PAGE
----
27. Variations of the K-Means Method • A few variants of the k-means which differ in • Selection of the initial k means • Dissimilarity calculations • Strategies to calculate cluster means • Handling categorical data: k-modes (Huang’98) • Replacing means of clusters with modes • Using new dissimilarity measures to deal with categorical objects • Using a frequency-based method to update modes of clusters • A mixture of categorical and numerical data: k-prototype method Data Mining: Concepts and Techniques

  28. 10 9 8 7 6 5 4 3 2 1 0 0 1 2 3 4 5 6 7 8 9 10 10 9 8 7 6 5 4 3 2 1 0 0 1 2 3 4 5 6 7 8 9 10 What Is the Problem of the K-Means Method? • The k-means algorithm is sensitive to outliers ! • Since an object with an extremely large value may substantially distort the distribution of the data. • K-Medoids: Instead of taking the mean value of the object in a cluster as a reference point, medoids can be used, which is the most centrally located object in a cluster. Data Mining: Concepts and Techniques

  29. The K-MedoidsClustering Method PAM (Kaufman and Rousseeuw, 1987) • Arbitrarily select k objects as medoid • Assign each data object in the given data set to most similar medoid. • Randomly select nonmedoid object O’ • Compute total cost, S, of swapping a medoid object to O’ (cost as total sum of absolute error) • If S<0, then swap initial medoid with the new one • Repeat until there is no change in the medoid. k-medoids and (n-k) instances pair-wise comparison Data Mining: Concepts and Techniques

  30. 10 10 9 9 8 8 7 7 6 6 5 5 4 4 3 3 2 2 1 1 0 0 0 1 2 3 4 5 6 7 8 9 10 0 1 2 3 4 5 6 7 8 9 10 A Typical K-Medoids Algorithm (PAM) Total Cost = 20 10 9 8 Arbitrary choose k object as initial medoids Assign each remaining object to nearest medoids 7 6 5 4 3 2 1 0 0 1 2 3 4 5 6 7 8 9 10 K=2 Randomly select a nonmedoid object,Orandom Total Cost = 26 Do loop Until no change Compute total cost of swapping Swapping O and Oramdom If quality is improved. Data Mining: Concepts and Techniques

  31. What Is the Problem with PAM? • Pam is more robust than k-means in the presence of noise and outliers • Pam works efficiently for small data sets but does not scale well for large data sets. • Complexity? O(k(n-k)2t) n is # of data,k is # of clusters, t is # of iterations • Sampling based method, CLARA(Clustering LARge Applications) Data Mining: Concepts and Techniques

  32. CLARA (Clustering Large Applications) (1990) • CLARA (Kaufmann and Rousseeuw in 1990) • It draws multiple samples of the data set, applies PAM on each sample, and gives the best clustering as the output • Strength: deals with larger data sets than PAM • Weakness: • Efficiency depends on the sample size • A good clustering based on samples will not necessarily represent a good clustering of the whole data set if the sample is biased Data Mining: Concepts and Techniques

  33. CLARANS (“Randomized” CLARA) (1994) • CLARANS (A Clustering Algorithm based on Randomized Search) (Ng and Han’94) • The clustering process can be presented as searching a graph where every node is a potential solution, that is, a set of k medoids • PAM examines neighbors for local minimum • CLARA works on subgraphs of samples • CLARANS examines neighbors dynamically • If local optimum is found, starts with new randomly selected node in search for a new local optimum Data Mining: Concepts and Techniques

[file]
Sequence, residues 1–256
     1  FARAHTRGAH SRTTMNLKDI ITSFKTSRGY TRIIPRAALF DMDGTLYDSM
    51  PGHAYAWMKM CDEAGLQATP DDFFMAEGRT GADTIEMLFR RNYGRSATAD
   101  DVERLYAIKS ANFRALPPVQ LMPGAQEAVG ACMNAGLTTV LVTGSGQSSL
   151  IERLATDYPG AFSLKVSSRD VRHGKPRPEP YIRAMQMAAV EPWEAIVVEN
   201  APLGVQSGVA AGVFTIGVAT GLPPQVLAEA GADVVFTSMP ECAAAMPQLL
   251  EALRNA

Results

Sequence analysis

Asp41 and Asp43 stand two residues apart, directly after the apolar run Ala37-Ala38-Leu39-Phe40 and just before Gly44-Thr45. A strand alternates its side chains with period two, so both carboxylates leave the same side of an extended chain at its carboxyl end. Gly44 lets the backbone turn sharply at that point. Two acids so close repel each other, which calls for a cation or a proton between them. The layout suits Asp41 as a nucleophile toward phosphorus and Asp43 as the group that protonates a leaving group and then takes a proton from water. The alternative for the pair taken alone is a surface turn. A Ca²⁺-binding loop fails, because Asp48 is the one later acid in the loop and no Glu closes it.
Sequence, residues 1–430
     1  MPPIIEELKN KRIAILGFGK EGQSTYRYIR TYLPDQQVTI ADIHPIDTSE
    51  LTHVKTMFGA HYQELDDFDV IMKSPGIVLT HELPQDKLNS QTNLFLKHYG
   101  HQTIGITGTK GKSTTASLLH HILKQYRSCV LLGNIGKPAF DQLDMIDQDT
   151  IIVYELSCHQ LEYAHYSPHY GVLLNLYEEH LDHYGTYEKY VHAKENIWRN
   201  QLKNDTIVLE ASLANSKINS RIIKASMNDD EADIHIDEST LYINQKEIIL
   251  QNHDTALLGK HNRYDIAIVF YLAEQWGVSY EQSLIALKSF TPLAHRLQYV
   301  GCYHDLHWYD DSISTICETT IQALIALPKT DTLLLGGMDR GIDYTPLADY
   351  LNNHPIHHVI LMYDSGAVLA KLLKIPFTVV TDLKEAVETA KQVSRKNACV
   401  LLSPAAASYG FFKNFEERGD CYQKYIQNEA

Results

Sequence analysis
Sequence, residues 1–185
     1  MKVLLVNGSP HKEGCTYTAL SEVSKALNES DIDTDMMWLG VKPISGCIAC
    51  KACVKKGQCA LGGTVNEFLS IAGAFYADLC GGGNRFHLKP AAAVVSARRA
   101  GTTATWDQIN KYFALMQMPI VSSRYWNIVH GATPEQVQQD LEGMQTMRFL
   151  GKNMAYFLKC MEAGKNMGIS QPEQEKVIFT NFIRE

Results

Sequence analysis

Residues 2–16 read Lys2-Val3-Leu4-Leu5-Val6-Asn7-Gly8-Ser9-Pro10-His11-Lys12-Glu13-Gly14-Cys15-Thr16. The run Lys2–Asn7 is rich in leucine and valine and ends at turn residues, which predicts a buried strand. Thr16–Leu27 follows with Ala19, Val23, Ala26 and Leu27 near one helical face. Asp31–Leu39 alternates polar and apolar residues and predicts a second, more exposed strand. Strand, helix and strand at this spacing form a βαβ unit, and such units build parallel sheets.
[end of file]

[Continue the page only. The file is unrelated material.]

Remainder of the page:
34. Chapter 7. Cluster Analysis • Overview • Partitioning methods • Hierarchical methods and graph-based methods • Density-based methods • Other Methods • Outlier analysis • Summary Data Mining: Concepts and Techniques

  35. Hierarchical Clustering • Produces a set of nested clusters organized as a hierarchical tree • Can be visualized as a dendrogram • A tree like diagram representing a hierarchy of nested clusters • Clustering obtained by cutting at desired level

  36. Strengths of Hierarchical Clustering • Do not have to assume any particular number of clusters • May correspond to meaningful taxonomies

  37. Hierarchical Clustering • Two main types of hierarchical clustering • Agglomerative: • Start with the points as individual clusters • At each step, merge the closest pair of clusters until only one cluster (or k clusters) left • Divisive: • Start with one, all-inclusive cluster • At each step, split a cluster until each cluster contains a point (or there are k clusters)

  38. Agglomerative Clustering Algorithm • Compute the proximity matrix • Let each data point be a cluster • Repeat • Merge the two closest clusters • Update the proximity matrix • Until only a single cluster remains

  39. p1 p2 p3 p4 p5 . . . p1 p2 p3 p4 p5 . . . Starting Situation • Start with clusters of individual points and a proximity matrix Proximity Matrix

  40. C1 C2 C3 C4 C5 C1 C2 C3 C4 C5 Intermediate Situation C3 C4 Proximity Matrix C1 C5 C2

  41. Similarity? p1 p2 p3 p4 p5 . . . p1 p2 p3 p4 p5 . . . How to Define Inter-Cluster Similarity Proximity Matrix

  42. Distance Between Clusters • Single Link: smallest distance between points • Complete Link: largest distance between points • Average Link:average distance between points • Centroid:distance between centroids

  43. 5 1 3 5 2 1 2 3 6 4 4 Hierarchical Clustering: MIN Nested Clusters Dendrogram

  44. MST (Minimum Spanning Tree) • Start with a tree that consists of any point • In successive steps, look for the closest pair of points (p, q) such that one point (p) is in the current tree but the other (q) is not • Add q to the tree and put an edge between p and q

  45. 5 1 5 3 1 4 1 2 5 2 5 2 1 5 5 2 2 2 3 6 3 6 3 6 3 3 1 4 4 1 4 4 4 Min vs. Max vs. Group Average MIN MAX Group Average

  46. Two Clusters Strength of MIN Original Points • Can handle non-elliptical shapes

  47. Two Clusters Limitations of MIN Original Points • Sensitive to noise and outliers

  48. Two Clusters Strength of MAX Original Points • Less susceptible to noise and outliers

  49. Two Clusters Limitations of MAX Original Points • Tends to break large clusters • Biased towards globular clusters

  50. Hierarchical Clustering: Group Average • Compromise between Single and Complete Link • Strengths • Less susceptible to noise and outliers • Limitations • Biased towards globular clusters